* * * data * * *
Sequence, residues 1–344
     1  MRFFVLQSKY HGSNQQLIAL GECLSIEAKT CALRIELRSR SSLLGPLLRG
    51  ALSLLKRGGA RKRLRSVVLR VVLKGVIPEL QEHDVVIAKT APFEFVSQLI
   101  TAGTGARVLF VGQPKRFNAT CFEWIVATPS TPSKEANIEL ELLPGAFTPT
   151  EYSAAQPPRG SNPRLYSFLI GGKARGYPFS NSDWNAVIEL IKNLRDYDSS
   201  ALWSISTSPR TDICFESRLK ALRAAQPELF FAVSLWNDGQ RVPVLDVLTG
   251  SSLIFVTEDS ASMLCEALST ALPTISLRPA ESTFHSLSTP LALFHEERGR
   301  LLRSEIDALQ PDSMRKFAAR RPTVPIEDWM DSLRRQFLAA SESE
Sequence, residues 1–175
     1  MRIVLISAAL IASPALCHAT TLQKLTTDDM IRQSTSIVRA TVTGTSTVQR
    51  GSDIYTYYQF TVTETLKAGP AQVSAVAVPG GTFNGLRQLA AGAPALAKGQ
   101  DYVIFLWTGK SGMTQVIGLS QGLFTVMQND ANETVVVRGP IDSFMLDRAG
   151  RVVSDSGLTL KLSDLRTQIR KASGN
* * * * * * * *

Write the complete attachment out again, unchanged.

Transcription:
Sequence, residues 1–344
     1  MRFFVLQSKY HGSNQQLIAL GECLSIEAKT CALRIELRSR SSLLGPLLRG
    51  ALSLLKRGGA RKRLRSVVLR VVLKGVIPEL QEHDVVIAKT APFEFVSQLI
   101  TAGTGARVLF VGQPKRFNAT CFEWIVATPS TPSKEANIEL ELLPGAFTPT
   151  EYSAAQPPRG SNPRLYSFLI GGKARGYPFS NSDWNAVIEL IKNLRDYDSS
   201  ALWSISTSPR TDICFESRLK ALRAAQPELF FAVSLWNDGQ RVPVLDVLTG
   251  SSLIFVTEDS ASMLCEALST ALPTISLRPA ESTFHSLSTP LALFHEERGR
   301  LLRSEIDALQ PDSMRKFAAR RPTVPIEDWM DSLRRQFLAA SESE
Sequence, residues 1–175
     1  MRIVLISAAL IASPALCHAT TLQKLTTDDM IRQSTSIVRA TVTGTSTVQR
    51  GSDIYTYYQF TVTETLKAGP AQVSAVAVPG GTFNGLRQLA AGAPALAKGQ
   101  DYVIFLWTGK SGMTQVIGLS QGLFTVMQND ANETVVVRGP IDSFMLDRAG
   151  RVVSDSGLTL KLSDLRTQIR KASGN